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Factor of One: An Achievable Dream supporter Bill Ermatinger on the difference one person can make

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Bill Ermatinger, An Achievable Dream’s Endowment Board of Directors member

An Achievable Dream was founded in 1992 as a partnership between Newport News Public Schools and the local business community. AAD develops independent, productive citizens through a social, academic and moral education dedicated to the belief that all children can learn and succeed regardless of socioeconomic background. Today, partnerships remain key to the success of the program. Bill Ermatinger, former executive vice president and chief human resources officer at Huntington Ingalls Industries, has a long-standing relationship with An Achievable Dream. Ermatinger is also a member of An Achievable Dream’s Endowment Board of Directors.

In this interview, Ermatinger describes his partnership with An Achievable Dream.

How were you first introduced to the program?

I was first introduced to An Achievable Dream in 2005 when my family and I moved to the peninsula. At the time, I was offered the vice president of human resources position at the Newport News Shipbuilding Division under Northrop Grumman. Since I was new to the community, I wanted to learn about this great community I was hearing about.

Why is the work of An Achievable Dream especially meaningful to you?

My parents got divorced when I was 7 years old. Although my father was always in the picture, my siblings and I were basically raised by a single mother who worked two jobs to support the needs of the family. My mother got us up early every morning, got us dressed, fed, and went off to work. We would not see her until 7 or 8 o’clock each night. She even worked weekends. Looking back, I would say from a socioeconomic standpoint we were somewhere between poor and lower middle class. I tell you this because, as tired as she was sometimes, as financially strapped as we were, she always found time to give back.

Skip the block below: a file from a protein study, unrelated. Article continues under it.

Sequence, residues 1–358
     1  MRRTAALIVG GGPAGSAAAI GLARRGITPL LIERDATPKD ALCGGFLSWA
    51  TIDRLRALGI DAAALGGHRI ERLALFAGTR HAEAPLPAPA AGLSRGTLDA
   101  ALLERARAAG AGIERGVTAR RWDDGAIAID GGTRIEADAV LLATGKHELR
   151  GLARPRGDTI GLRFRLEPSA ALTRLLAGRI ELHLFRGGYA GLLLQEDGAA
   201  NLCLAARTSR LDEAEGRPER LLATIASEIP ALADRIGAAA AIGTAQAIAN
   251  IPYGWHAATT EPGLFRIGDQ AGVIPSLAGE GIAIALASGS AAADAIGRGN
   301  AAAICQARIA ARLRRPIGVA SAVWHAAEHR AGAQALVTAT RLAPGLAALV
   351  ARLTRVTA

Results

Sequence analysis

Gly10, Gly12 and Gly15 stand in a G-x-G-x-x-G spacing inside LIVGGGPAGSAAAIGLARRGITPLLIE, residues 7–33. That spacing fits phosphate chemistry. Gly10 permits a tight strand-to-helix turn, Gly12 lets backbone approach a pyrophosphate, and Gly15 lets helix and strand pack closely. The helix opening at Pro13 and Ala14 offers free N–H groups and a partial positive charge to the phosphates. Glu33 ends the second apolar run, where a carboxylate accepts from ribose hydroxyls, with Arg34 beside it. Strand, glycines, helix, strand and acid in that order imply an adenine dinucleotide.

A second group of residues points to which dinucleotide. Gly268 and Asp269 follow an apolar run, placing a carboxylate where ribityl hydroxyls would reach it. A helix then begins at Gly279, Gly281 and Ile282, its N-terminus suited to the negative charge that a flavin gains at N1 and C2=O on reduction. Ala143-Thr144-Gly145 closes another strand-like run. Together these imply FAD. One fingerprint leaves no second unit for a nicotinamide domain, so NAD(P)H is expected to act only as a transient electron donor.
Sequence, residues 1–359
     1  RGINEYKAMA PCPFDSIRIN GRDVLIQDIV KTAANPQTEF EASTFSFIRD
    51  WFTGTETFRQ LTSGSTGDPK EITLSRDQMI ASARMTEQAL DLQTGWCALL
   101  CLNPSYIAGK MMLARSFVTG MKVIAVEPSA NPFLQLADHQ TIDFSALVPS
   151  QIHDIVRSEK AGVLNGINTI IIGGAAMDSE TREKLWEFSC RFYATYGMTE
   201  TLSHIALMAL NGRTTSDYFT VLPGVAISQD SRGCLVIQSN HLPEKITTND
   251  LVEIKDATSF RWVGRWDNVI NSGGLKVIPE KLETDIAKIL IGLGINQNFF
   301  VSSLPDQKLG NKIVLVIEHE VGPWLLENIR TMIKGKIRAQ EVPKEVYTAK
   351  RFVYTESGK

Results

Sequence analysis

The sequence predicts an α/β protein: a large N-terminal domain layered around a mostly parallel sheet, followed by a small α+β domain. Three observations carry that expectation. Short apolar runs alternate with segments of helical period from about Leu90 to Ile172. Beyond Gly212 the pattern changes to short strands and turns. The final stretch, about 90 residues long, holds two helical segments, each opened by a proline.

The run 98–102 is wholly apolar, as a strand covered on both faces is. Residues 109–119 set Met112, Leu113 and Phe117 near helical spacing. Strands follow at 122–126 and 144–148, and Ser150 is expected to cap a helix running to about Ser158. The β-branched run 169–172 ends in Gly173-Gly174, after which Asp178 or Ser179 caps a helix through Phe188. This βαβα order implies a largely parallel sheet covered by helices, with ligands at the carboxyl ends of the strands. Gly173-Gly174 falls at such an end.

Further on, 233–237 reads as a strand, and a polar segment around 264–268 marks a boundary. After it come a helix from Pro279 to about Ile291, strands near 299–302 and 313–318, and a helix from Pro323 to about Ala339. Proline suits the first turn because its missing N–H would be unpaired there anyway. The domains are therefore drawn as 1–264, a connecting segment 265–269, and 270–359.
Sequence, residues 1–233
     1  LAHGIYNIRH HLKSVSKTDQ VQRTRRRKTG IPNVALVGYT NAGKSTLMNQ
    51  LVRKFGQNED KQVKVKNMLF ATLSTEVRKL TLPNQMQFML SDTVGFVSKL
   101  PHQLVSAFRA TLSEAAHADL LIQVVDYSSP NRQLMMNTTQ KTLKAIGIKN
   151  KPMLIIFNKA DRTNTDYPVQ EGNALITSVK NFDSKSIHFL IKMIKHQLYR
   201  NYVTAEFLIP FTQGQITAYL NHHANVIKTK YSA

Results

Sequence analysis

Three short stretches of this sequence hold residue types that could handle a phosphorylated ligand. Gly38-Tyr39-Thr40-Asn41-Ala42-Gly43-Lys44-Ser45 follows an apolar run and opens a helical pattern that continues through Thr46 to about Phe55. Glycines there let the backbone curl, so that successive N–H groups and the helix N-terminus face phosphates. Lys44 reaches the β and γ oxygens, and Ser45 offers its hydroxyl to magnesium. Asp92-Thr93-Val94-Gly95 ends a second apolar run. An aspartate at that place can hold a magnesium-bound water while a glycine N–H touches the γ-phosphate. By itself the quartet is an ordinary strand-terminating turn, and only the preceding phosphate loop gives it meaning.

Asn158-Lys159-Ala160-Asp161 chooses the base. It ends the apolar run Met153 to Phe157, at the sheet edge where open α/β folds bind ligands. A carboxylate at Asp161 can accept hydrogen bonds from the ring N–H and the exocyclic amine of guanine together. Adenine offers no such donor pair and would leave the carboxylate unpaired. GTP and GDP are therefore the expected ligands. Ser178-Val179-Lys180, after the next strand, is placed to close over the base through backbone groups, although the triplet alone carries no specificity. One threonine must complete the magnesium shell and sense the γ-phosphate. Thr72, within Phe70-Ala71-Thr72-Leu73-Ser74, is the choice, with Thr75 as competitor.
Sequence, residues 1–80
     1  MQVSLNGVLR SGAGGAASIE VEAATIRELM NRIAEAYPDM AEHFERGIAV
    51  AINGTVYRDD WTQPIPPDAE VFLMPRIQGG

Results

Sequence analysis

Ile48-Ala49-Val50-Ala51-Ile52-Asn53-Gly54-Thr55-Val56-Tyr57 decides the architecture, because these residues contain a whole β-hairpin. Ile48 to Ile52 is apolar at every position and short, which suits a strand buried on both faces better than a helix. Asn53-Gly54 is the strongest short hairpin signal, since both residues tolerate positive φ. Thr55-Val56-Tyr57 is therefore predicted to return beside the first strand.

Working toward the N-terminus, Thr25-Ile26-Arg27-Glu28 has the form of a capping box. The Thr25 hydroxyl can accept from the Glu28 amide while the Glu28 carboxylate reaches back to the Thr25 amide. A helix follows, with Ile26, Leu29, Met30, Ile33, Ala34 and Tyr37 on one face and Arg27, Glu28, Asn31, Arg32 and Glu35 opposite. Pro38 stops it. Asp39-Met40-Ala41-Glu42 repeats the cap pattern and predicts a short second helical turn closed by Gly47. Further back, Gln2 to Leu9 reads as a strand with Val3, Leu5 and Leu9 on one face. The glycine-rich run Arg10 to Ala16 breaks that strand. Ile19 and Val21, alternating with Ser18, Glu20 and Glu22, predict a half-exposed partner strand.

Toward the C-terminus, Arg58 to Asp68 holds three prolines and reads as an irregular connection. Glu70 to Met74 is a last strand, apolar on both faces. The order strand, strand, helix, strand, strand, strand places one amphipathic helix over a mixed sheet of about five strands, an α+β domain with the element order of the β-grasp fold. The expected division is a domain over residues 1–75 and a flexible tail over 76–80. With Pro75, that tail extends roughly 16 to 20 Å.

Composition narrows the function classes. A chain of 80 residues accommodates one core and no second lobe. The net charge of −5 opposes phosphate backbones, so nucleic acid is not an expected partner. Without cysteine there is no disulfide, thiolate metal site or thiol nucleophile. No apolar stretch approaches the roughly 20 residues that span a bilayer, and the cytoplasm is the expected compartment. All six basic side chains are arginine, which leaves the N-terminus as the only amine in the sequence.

Our mother taught us to “leave the community where you live in a better place than when you got there.” Since we had no money, in her mind that meant give your time. Later in life when I spoke to her about this, I asked her what she was really trying to teach us. She indicated she just wanted her kids to be compassionate to those less fortunate than us. “There is always someone in your community less fortunate,” she would say: “Find them and help them.” For me, I “found” An Achievable Dream and I want to help them.  

How does An Achievable Dream’s endowment sustain the organization into the future?

If An Achievable Dream represents the body, then the endowment is its bloodstream. The endowment touches every aspect of the organization. When our beloved founder, Walter Segaloff, named this endeavor, he used the word “Dream” at the end. It was his dream and he wanted everyone in our community to make it their dream as well. That means you must convince individuals of the importance of maintaining this dream to sustain it. A strong endowment makes that task easier. A strong endowment allows Walter’s dream to be no longer a dream, but a lifelong reality that will stand the test of time. A strong endowment allows Walter’s dream to grow beyond what he thought it could become. I can’t think of a better place to make a legacy gift than to An Achievable Dream. As my mother would say, leave your community better than when you got here.

As a member of An Achievable Dream’s Endowment Board of Directors and longtime friend of the program, what do you most want the community to know about this organization and its students?

Many years ago, I attended an early childhood conference, and the guest speaker was Dr. Junlei Li, senior lecturer at Harvard University in human development and early childhood. I heard him talk about this concept called “factor of one.” His studies show that one of the biggest factors in early childhood development is whether a child, at a very early age, had someone in their lives that truly and deeply cared for them. It can be a parent, grandparent, neighbor, coach, babysitter or even a teacher.

His analysis shows it really does not matter who it is, rather it just needs to be someone. Someone who deeply cares about that child’s development, shows them compassion and love.

An Achievable Dream has people who are that “factor of one” for many of its students and without them, this community and the lives they touch would not be the same.

For more information about An Achievable Dream and how you can help, visit achievabledream.org.


This content was produced by Brand Ave. Studios. The news and editorial departments had no role in its creation or display. Brand Ave. Studios connects advertisers with a targeted audience through compelling content programs, from concept to production and distribution. For more information contact sales@brandavestudios.com.
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